From a User-centric EA perspective, it seems that people have a fundamental need with their contacts to not only be able to maintain them in an organized fashion and to demonstrate the size of their network (to show their value to the organization), but also to feel important and accomplished and to be able “to wear” this like a mark or medal of distinction, in this case by laying it out their Rolodex files prominently on their desks for all to behold.

In EA, when we design technology solutions, we need to keep in mind that there are functional requirements like the organizing of personal and professional contacts, but there are also human, psychological requirements that may never actually come out in a JAD session. These are unstated or implicit requirements and architects need to plan technology to meet both the explicit and implicit needs of users.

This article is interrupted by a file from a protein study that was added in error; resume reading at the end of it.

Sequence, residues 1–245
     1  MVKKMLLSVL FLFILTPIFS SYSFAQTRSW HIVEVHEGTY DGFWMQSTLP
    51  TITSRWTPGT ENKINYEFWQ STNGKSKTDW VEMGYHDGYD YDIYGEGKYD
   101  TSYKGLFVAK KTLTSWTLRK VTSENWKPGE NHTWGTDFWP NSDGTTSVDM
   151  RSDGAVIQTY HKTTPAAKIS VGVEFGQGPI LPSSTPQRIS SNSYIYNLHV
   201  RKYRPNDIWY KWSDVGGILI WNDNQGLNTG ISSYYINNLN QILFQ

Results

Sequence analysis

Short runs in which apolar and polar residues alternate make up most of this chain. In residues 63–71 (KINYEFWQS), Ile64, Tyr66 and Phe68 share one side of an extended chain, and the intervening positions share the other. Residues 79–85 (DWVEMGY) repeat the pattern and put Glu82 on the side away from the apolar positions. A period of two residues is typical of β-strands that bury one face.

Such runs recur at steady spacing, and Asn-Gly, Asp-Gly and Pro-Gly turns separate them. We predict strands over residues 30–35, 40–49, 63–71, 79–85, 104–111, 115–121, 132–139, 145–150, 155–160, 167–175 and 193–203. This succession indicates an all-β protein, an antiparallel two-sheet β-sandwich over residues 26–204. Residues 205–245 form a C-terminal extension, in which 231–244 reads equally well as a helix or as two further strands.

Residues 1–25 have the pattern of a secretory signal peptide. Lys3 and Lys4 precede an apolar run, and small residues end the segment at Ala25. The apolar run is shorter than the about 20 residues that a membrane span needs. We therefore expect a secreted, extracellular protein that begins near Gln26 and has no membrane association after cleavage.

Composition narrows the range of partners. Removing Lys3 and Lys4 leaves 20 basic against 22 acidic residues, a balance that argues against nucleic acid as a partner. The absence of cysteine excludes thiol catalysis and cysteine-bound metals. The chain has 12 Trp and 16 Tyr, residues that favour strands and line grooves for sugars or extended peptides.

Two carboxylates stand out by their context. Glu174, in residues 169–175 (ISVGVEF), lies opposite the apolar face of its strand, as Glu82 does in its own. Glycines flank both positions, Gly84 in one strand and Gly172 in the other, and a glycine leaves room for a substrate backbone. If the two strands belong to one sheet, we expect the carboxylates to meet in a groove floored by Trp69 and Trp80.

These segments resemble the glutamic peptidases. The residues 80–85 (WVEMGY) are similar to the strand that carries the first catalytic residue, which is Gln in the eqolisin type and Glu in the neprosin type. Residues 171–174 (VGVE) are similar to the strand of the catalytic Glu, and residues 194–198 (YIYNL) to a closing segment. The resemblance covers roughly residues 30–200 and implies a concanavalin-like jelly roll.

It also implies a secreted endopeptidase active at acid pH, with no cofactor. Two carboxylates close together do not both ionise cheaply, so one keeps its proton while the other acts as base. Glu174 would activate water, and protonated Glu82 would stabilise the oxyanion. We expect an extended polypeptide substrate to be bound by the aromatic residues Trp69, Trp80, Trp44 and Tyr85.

A little like Sherlock Holmes and a little bit like a psychologist, an architect must explore user needs beyond the surface if they are to successfully align new technologies with end-user and organizational requirements.